Finally seeing the light

Today’s guest picture is another of cyclist Paul’s delightful Lake District studies, a welcome ray of sunshine on a gloomy day here.  It shows Stickle Tarn

stickle tarn

After breakfast, Mrs Tootlepedal and I combined a little shopping and other business with the important matter of voting in the general election.  Only time will tell if our vote counted for anything.  The very poor system of first past the post voting we use in the UK elections ensures that the vast majority of votes cast in any general election are quite meaningless.  We use a proportional system for our Scottish elections which makes it worthwhile to vote green for example without prejudicing your ability to vote for a major party of government at the same time.

The rain which appears in the picture of a siskin and goldfinch showing interest in something happening on the road beside our house….

siskin goldfinches

…stopped me from going for a walk when the business was finished.

A greenfinch arrived and turned its back on anything untoward on the road while the siskin and goldfinch also lost interest and got back to eating.

siskin goldfinch greenfinch

A drunk chaffinch turned up.

drunk chaffinch

I always like a bit of geometry so I took the opportunity to picture some parallel lines in the garden…

geometry

…and while waiting for the train at Lockerbie Station.  It will possibly not surprise you to learn that the train was late, but it least it wasn’t cancelled as two other trains were today.

Punctuality was important because we were due to meet Matilda and her parents at 4.40 precisely to go to the illuminated trail at the Botanical Gardens in Edinburgh.  In the end, the train staggered late into Waverley station, we walked briskly along Princes Street and then had to wait a quarter of an hour for a bus and we arrived at 4.43, hoping that we hadn’t missed our moment.

It turned out that the timings for our visit were quite flexible enough to allow a little lateness and we set off to walk round the gardens and the experience was well worth the inconveniences of the travel.

I took far too many pictures while we went round and I have put two dozen of them in here.  If you are just waiting for the flying bird of the day, scroll down now.

We were very lucky with the weather after last week’s cancellation for gales and rain and it was dry, calm and cool for our walk.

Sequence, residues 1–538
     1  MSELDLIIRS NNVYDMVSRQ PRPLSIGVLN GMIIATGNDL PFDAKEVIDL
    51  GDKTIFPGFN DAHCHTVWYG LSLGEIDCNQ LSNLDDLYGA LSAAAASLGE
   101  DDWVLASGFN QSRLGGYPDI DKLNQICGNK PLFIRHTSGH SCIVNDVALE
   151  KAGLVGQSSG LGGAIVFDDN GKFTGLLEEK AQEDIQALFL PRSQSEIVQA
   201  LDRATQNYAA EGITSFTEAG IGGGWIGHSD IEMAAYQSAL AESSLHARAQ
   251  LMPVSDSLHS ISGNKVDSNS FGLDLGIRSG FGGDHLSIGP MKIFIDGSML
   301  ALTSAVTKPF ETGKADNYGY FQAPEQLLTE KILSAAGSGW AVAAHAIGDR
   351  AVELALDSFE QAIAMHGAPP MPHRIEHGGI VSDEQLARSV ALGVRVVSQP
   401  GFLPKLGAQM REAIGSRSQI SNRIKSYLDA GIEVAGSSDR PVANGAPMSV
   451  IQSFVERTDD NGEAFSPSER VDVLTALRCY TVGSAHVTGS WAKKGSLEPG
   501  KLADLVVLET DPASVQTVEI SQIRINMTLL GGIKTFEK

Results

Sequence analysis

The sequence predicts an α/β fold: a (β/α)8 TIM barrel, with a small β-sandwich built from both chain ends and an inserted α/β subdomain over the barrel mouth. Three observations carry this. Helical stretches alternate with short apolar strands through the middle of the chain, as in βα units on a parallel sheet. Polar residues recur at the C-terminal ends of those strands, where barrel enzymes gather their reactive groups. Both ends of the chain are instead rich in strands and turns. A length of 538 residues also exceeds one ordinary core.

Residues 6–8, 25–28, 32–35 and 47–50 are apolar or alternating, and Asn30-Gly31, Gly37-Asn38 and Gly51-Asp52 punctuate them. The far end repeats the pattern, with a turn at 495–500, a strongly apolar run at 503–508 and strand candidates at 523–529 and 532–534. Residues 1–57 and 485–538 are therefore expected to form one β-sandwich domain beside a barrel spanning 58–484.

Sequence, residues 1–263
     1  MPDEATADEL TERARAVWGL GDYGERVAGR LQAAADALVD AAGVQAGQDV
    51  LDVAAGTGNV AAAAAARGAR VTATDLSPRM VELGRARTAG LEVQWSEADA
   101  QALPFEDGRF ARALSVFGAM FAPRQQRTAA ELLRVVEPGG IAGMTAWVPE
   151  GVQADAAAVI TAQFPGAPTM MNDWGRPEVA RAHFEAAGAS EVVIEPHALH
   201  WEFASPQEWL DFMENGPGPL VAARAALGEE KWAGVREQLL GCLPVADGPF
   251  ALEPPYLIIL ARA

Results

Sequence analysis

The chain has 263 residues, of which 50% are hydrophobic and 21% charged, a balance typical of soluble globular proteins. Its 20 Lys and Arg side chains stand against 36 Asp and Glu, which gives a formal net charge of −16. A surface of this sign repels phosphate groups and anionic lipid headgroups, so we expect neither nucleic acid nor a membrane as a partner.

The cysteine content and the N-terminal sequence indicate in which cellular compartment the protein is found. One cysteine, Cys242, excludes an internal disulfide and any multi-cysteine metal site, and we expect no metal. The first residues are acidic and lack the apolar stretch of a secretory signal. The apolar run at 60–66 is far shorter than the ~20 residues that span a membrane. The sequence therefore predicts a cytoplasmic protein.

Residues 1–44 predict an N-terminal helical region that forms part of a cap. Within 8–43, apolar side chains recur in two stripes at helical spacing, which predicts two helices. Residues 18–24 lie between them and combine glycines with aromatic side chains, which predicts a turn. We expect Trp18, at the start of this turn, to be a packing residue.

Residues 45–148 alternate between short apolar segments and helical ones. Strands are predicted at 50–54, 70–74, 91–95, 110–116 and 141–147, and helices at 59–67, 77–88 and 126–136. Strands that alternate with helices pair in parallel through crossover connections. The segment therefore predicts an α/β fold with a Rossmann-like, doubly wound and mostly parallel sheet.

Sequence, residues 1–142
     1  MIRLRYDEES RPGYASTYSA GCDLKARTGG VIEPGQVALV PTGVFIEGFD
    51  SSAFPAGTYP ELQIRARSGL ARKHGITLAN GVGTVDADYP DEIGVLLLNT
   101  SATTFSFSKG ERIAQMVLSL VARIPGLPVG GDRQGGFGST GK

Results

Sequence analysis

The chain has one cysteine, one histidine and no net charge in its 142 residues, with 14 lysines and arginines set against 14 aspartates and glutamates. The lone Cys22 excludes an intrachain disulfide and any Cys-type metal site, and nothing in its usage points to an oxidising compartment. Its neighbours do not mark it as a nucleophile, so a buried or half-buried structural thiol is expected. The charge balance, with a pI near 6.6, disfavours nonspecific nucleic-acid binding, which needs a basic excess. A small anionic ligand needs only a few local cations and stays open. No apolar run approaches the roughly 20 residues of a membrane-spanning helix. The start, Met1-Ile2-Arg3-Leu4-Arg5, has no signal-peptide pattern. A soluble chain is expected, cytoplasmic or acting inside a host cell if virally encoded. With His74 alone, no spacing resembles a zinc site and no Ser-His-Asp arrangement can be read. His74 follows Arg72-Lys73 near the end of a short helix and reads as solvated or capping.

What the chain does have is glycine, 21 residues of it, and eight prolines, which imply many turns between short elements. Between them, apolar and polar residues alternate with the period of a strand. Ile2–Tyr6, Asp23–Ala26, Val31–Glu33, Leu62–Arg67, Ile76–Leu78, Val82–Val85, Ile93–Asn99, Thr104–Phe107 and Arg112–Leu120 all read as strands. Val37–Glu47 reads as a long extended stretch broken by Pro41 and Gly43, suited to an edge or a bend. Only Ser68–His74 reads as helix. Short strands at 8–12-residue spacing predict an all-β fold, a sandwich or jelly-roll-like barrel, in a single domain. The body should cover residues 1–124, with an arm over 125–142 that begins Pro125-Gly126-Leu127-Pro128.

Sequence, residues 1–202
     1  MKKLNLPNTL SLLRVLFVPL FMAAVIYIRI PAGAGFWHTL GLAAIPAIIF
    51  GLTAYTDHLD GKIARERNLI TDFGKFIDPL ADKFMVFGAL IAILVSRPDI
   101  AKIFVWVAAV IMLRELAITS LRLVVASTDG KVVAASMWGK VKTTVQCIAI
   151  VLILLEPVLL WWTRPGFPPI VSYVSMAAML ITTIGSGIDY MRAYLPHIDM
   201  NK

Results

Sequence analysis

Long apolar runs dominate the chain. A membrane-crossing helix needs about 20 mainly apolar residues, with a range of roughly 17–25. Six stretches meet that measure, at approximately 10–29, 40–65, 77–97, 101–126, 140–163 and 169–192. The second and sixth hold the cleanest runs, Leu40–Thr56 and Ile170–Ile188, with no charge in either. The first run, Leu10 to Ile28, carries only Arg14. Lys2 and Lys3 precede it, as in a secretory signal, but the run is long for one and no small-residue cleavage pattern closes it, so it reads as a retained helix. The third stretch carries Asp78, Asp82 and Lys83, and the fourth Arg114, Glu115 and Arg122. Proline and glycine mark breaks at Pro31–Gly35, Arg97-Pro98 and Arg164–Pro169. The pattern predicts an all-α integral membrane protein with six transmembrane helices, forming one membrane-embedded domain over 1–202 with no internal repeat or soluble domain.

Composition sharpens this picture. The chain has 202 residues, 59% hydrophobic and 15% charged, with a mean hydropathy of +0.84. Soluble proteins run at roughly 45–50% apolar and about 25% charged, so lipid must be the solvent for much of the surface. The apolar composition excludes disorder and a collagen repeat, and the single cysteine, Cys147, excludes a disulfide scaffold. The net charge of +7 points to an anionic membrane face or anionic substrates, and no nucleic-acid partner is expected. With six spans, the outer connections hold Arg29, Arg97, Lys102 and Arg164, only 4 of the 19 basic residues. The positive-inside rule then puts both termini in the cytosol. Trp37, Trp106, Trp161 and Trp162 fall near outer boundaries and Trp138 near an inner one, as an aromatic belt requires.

Since it is a botanical garden, a good number of trees were illuminated….

botanic lights 1

..and the designers had made good use of the large pond with a flotilla of little boats…

botanic lights 2

…which changed colour as time passed.

botanic lights 3

They were ingeniously made and lit so that their reflection in the water turned them into stars.

botanic lights 4

We passed a burst of real flames….

botanic lights 5

…which led to an elegant Christmas tree.

botanic lights 6

I like monkey puzzle trees so I was pleased to see this one picked out.

botanic lights 7

The tropical house was a light show in itself.

botanic lights 8

From it, we followed an illuminated path to the best known part of the display…

 

botanic lights 10

At first sight it looks like a golden arch….

botanic lights 9

…but as you get closer, it reveals itself as a tunnel of light.

botanic lights 11

Clare, Matilda and Mrs Tootlepedal posed for me at the start of the tunnel…

botanic lights 12

…and Alistair was a faint figure at the other end.

botanic lights 14

My favourite view was looking back through the tunnel to the tropical house behind us.

botanic lights 13

When we emerged from the tunnel, we found ourselves in a field of parcels…

botanic lights 15

…where we were entertained by a cheerful young man who introduced us to Santa who was hiding in the little house.

botanic lights 16

It was quite dark between the illuminations and you can just the see the ropes that marked our path in the picture below.

botanic lights 17

When we got to Inverleith House, at one time the residence of my great-great-grandfather, we found that it was being used as a projection screen…